Abstract: Views of the future China vary widely. While some believe that the collapse of China is inevitable, others see the emergence of a new superpower that increasingly poses a threat to the U.S. This paper examines the economic growth prospects of China over the next two decades. Extrapolating past real GDP growth rates into the future, the size of the Chinese economy surpasses that of the U.S. in purchasing power terms between 2012 and 2015; by 2025, China is likely to be the world's largest economic power by almost any measure. The extrapolations are supported by two types of considerations. First, China’s growth patterns of the past 25 years since the beginning of economic reforms match well those identified by standard economic development and trade theories (structural change, catching up, and factor price equalization). Second, decomposing China’s GDP growth into growth of labor and other variables, the near-certain information available today about the quantity and quality of Chinese laborers through 2015 and possibly several years after allows inferences about future GDP growth. Short of some cataclysmic event, and given a continuation of the generally sound economic policies of the past, demographics alone suggests China’s continued economic rise. If talent is randomly distributed in the world population and if agglomeration of talent is important, then the odds are strongly in China’s favor.
    Keywords: economic growth, growth accounting, growth forecasts, development theories, human capital formation, education (all: China)
    JEL: O1 O10 O11 O4 O40 O47 O53 J11 O3 I21
    Date: 2005–07–03
  5. By: Martin Bemmann (Dresden University of Technology Faculty of Business Management & Economics)
    Abstract: This working paper aims at improving the comparability of forecast quality measures of insolvency prediction studies. For this purpose, in a first step commonly used accuracy measures for categorial, ordinal and cardinal insolvency predictions are presented. It will be argued, that ordinal measures are the most suitable measures for sample spanning comparisons concerning predictive power of rating models, as they are not affected by sample default rates. A method for transforming cardinal into ordinal accuracy measures is presented, by which comparisons of insolvency prediction results of older and present-day studies are enabled. In the second part of the working paper an overview of influencing variables – aside from the quality of the insolvency prediction methods – is given, which affect the accuracy measures presented in the first part of the paper and thus impair sample spanning comparison of empirically obtained forecast quality results. In this context, methods for evaluating information losses that are attributable to the discretization of continuous rating scales or preselection of portfolios are developed. Measure results of various insolvency prognosis studies are envisaged and compared with three benchmarks. First benchmark is the accuracy that can be achieved solely by taking into account legal status and industry classification of corporations. The second benchmark is the univariate prognosis accuracy of single financial ratios. As third benchmark, ALTMAN’s Zscore model is examined, a multivariate insolvency prediction model, that is currently used as reference rating model in many empirical studies. It turns out, however, that the Z-score’s forecast quality is so discontenting, that its application is not recommendable. Instead it is suggested to use those rating models that are cited in this discussion paper, which are fully documented and which therefore can be rebuilt and directly applied to any desired data sample. If applied to the respective target groups, their performance matches with the performance of commercial rating systems, like bureau and business scores for rather small companies, middle market rating models for SMB, or agency ratings for large public companies.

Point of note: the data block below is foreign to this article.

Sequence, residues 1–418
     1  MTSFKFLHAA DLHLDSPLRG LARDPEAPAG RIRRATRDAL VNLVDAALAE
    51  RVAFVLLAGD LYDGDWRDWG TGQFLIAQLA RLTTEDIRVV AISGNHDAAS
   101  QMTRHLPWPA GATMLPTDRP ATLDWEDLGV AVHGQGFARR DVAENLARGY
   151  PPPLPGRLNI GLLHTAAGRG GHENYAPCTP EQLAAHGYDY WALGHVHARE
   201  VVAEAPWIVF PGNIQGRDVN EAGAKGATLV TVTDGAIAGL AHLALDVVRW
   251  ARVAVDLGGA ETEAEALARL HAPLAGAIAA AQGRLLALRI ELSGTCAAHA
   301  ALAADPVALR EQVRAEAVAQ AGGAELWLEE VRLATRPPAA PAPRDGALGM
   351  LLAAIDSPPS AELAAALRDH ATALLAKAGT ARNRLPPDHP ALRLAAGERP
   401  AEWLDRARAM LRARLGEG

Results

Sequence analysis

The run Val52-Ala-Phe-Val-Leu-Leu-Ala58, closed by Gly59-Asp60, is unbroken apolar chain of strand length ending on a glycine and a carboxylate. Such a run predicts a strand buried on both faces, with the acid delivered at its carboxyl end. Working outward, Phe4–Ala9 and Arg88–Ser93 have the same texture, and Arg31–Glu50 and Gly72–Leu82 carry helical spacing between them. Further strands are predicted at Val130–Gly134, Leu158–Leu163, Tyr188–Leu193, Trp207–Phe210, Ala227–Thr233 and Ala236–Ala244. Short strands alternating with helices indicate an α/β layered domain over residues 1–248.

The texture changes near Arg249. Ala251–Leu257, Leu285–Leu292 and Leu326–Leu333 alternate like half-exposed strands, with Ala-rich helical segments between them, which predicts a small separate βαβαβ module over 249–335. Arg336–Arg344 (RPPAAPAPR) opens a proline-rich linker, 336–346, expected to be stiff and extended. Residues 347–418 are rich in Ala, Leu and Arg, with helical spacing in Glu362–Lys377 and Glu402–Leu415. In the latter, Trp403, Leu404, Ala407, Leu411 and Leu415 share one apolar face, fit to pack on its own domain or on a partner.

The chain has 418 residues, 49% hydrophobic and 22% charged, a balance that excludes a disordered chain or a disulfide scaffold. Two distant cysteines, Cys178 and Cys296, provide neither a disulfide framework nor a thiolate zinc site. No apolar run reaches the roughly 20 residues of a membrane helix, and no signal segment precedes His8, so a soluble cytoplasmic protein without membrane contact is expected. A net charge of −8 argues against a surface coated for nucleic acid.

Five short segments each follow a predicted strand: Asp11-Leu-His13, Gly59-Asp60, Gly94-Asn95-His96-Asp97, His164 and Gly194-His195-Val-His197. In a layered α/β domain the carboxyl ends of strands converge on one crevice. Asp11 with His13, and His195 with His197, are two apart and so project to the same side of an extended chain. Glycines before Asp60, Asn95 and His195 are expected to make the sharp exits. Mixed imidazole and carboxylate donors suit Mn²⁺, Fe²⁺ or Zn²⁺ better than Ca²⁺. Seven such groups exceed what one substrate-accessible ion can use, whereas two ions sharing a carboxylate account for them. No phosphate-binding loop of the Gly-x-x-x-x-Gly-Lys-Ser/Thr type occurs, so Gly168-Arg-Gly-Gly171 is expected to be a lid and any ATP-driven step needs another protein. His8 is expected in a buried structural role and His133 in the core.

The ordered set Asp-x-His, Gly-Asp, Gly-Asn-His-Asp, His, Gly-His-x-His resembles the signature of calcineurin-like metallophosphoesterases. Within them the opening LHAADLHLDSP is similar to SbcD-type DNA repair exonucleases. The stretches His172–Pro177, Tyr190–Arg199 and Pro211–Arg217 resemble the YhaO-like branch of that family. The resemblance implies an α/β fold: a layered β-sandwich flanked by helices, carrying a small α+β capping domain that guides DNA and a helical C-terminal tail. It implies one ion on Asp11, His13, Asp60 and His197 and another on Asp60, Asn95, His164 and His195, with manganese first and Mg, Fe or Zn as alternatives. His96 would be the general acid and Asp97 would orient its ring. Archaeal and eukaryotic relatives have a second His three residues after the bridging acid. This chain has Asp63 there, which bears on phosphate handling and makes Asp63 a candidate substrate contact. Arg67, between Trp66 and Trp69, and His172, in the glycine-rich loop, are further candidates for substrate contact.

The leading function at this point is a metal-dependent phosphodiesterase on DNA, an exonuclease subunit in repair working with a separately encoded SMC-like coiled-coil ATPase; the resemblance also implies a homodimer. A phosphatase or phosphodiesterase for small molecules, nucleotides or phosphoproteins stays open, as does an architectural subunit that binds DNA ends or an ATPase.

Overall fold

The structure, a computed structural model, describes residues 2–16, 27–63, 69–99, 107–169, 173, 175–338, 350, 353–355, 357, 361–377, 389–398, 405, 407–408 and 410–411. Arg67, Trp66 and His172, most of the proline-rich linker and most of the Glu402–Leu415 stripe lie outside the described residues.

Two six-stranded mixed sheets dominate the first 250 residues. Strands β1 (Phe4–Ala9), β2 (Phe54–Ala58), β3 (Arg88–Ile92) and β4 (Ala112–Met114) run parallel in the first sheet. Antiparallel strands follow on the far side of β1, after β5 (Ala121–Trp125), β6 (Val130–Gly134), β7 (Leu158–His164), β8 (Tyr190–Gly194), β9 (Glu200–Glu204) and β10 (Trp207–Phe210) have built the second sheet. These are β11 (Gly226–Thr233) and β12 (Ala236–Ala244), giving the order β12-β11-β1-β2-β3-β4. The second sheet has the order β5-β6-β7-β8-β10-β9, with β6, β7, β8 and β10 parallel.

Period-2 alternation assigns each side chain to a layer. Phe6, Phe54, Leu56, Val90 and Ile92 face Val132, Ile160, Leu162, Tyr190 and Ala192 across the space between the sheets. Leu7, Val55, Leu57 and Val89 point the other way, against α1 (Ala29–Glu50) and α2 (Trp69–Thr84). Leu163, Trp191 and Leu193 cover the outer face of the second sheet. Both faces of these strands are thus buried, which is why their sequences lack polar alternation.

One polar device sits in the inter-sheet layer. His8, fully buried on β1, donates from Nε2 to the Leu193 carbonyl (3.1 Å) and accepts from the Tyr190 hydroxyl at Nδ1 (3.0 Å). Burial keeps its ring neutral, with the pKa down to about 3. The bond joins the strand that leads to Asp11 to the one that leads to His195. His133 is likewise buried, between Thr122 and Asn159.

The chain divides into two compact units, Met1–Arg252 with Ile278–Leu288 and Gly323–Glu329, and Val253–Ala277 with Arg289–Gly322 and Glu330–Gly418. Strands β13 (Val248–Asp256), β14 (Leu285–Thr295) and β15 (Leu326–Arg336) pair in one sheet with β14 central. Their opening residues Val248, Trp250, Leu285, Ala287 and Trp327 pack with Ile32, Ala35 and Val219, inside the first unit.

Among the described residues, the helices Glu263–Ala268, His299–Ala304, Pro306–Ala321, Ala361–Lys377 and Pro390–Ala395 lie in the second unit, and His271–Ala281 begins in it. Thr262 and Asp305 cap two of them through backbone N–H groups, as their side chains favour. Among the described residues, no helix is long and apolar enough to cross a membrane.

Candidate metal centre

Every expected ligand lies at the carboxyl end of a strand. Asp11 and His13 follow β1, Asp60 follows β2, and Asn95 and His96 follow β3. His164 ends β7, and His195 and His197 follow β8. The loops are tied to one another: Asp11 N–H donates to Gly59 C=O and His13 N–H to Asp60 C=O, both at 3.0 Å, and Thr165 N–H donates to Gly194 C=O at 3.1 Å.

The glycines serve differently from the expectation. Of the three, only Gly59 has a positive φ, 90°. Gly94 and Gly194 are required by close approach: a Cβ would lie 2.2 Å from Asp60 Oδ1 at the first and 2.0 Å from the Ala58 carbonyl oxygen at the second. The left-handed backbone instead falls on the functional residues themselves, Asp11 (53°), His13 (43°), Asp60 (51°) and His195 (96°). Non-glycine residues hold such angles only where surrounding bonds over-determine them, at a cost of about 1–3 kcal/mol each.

Keywords: financial ratio analysis, corporate bankruptcy prediction, forecast validation, accuracy ratio, information entropy, sample selection, rating granularity
    JEL: G33 C14
    Date: 2005–07–06
  6. By: Michelle A. Danis; Anthony Pennington-Cross
    Abstract: This paper examines the implications of delinquency on the performance of subprime mortgages. Specifically, we examine whether delinquency has any predictive power of the future performance of a mortgage. Using a sample of subprime mortgages from the Loan performance database on securitized private-label pool collateral, we utilize a two-step estimation procedure to control for the endogeneity of delinquency in an estimation of default and prepayment probabilities. We find strong support for the *distressed prepayment* theory that very delinquent loans are more likely to prepay than to default and that the rate of increase of prepayment is substantially larger as delinquency intensity increases. Delinquency predominately leads to termination of a loan through prepayment while negative equity leads to termination through default.
    Keywords: Mortgages
    Date: 2005